Verdict: Rapsody has NOT released her best album.
Somewhere along the way, 21 Savage changed his trajectory from a perc-popping street rapper to a mature artist who wears no jewelry and symbolizes the American immigrant success story. i am > i was was one of the wisest albums released last year in music, and it’s exciting to think about what comes next.
Verdict: 21 Savage has NOT released his best album.
This pick may be jarring to say because Cardi only has one album out, but it’s true. Invasion of Privacy, released in 2018, was a superhuman effort lasered into place by an artist desperate to prove herself. She succeeded wildly on that front. But more concerning is the fact that Cardi B doesn’t write most of her songs. You can get away with that as a singer, not as a hip-hop artist. In this game, talent is longevity. One day, the ghostwriters might move onto the next crossover act, and Cardi B will make a good, but not classic album.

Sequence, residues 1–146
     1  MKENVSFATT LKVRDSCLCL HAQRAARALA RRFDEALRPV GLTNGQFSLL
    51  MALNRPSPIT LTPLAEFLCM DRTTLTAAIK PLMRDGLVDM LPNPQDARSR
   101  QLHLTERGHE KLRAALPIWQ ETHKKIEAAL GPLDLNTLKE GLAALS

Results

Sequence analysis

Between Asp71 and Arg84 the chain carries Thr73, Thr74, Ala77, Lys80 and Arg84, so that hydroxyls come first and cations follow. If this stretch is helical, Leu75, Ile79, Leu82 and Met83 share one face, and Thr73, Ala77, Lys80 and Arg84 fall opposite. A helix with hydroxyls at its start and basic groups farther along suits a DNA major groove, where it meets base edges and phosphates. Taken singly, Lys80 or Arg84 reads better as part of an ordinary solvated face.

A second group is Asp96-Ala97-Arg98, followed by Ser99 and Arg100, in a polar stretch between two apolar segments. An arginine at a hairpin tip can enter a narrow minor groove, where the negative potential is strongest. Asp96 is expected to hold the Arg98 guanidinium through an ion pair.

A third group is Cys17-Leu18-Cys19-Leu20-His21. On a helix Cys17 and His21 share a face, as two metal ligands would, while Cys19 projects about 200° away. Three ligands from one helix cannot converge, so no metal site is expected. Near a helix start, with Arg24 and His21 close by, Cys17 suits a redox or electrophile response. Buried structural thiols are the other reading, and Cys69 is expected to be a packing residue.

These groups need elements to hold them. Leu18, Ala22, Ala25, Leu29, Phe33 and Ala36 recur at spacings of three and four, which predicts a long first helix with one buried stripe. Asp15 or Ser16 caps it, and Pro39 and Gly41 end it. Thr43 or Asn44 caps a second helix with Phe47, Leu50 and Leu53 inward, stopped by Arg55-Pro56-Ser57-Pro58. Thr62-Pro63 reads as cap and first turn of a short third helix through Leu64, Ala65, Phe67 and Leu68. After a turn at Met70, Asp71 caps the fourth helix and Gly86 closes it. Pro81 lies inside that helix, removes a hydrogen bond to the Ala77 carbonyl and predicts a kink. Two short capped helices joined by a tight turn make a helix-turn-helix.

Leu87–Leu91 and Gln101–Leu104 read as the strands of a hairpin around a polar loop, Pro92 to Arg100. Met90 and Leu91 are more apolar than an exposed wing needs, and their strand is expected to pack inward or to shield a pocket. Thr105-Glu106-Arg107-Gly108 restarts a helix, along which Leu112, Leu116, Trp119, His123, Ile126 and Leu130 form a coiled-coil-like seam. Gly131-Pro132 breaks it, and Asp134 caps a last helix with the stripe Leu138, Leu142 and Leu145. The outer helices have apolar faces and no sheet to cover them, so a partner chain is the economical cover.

Verdict: Cardi B HAS released her best album.
J. Cole has rinsed his name of any corny connotations. He just concluded one of the best feature runs of all time and gave his crew a No. 1 album. Like Young Thug, leading a successful crew is often a sign of an artist in peak form. J. Cole doesn’t have an indisputable classic—although I think 2014 Forest Hills Drive is—and because of that gap in his legacy, everything is in place for album number six (The Fall Off) to be his best one, and possibly the album of the year.
Verdict: J. Cole has NOT released his best album.